6. An ultrasonic system for imaging internal structure of a subject, said system comprising:
(a) a first ultrasonic transducer having an emitting face configured as at least a section of a cone having a line focus aligned with the axis of the cone;
(b) a second transducer axially aligned with the line focus;
(c) pulser circuitry for actuating one transducer to transmit ultrasonic energy concentrated in the region of the line focus and into the subject;
(d) imaging circuitry coupled to the other transducer for processing electrical signals generated by the other transducer in response to ultrasonic energy from said one transducer which is scattered by a subject in the neighborhood of the line focus, and
(e) a display system responsive to the processed electrical signals to produce an image describing internal subject structure.
7. The system of claim 6, wherein:
said first transducer comprises said one transmitting transducer.
8. The system of claim 6, wherein:
said second transducer comprises said one transmitting transducer.
9. The system of claim 6, further comprising:
said second transducer being configured substantially as a disc.
10. The system of claim 6, further comprising:
said second transducer being mounted near the apex of the cone defined by the first transducer.
11. The system of claim 9, further comprising:
said second transducer being mounted near the apex of the cone defined by the first transducer.
12. The system of claim 6, further comprising:
apparatus for moving the transducers as a unit in a plane.
13. An ultrasonic imaging method comprising the steps of:
(a) directing ultrasonic energy into a subject to a substantially linear focus by use of an ultrasonic transducer having an emitting face generally configured as at least a portion of a conical figure of revolution generated about said linear focus;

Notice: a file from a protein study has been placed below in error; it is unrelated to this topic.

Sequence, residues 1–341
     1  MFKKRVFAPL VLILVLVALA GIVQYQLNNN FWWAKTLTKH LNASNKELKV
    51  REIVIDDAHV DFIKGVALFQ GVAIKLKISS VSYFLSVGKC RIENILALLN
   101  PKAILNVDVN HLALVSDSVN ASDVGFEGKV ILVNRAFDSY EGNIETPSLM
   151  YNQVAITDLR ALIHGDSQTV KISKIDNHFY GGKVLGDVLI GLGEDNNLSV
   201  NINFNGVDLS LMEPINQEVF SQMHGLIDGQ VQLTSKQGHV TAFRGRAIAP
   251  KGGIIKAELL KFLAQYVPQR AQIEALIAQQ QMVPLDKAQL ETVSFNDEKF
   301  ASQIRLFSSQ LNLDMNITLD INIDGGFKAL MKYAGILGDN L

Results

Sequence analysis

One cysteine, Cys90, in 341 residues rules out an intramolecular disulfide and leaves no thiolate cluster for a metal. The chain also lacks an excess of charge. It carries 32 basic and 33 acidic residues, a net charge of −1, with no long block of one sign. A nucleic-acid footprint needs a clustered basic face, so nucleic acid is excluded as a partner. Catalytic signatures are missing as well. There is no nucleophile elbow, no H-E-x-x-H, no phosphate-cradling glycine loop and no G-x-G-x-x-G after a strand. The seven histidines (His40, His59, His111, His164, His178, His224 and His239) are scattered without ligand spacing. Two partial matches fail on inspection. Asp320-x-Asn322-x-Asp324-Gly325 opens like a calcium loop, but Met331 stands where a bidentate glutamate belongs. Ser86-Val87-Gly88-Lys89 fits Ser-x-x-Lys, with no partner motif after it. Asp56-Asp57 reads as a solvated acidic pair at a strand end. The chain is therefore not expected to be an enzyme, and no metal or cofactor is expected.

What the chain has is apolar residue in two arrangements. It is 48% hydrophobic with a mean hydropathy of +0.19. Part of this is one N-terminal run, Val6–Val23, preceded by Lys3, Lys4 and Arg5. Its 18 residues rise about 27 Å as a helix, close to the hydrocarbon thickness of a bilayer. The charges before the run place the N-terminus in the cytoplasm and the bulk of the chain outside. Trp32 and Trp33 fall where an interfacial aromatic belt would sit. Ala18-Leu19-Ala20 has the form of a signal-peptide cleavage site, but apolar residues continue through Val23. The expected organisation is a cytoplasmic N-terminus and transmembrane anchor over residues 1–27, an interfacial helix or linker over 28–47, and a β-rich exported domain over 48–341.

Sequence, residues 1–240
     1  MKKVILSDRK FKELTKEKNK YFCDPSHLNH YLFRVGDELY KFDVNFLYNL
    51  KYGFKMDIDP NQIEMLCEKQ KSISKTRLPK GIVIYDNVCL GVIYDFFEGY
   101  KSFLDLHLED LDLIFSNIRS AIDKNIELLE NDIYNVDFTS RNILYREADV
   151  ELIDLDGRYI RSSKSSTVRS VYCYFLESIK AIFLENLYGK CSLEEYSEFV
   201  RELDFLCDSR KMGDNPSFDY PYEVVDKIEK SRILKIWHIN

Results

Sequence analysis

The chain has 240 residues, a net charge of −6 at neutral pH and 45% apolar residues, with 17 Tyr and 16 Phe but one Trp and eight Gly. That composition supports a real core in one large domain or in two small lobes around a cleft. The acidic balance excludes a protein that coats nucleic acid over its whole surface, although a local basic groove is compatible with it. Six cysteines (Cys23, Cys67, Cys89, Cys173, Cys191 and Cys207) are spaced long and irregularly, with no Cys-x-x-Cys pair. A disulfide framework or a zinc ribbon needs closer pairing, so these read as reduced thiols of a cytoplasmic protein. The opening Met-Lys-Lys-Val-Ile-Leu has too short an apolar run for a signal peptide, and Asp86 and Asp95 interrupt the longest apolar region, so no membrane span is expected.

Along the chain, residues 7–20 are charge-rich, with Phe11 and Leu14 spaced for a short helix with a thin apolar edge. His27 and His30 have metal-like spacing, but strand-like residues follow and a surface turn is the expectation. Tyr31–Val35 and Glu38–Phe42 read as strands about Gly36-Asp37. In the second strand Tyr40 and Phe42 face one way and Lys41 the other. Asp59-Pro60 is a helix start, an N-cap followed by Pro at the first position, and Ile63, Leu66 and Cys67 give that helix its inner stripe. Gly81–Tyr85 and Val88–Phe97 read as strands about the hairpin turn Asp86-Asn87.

(b) receiving and producing electrical signals from ultrasonic energy scattered in the subject by use of a second transducer having a receiving face defining a receiving axis for receiving ultrasonic energy longitudinally propagated along said axis, said axis being aligned in parallel with said linear focus;
(c) processing electrical signals produced by the second transducer, and
(d) utilizing the processed electrical signals to produce an image describing internal subject structure.
14. An ultrasonic imaging method comprising the steps of:
(a) directing ultrasonic energy into a subject longitudinally along a transmission axis defining a line;
(b) receiving and producing electrical signals from ultrasonic energy scattered in the subject by use of a second transducer having a receiving face configured as at least a portion of a conical figure of revolution generated about said line;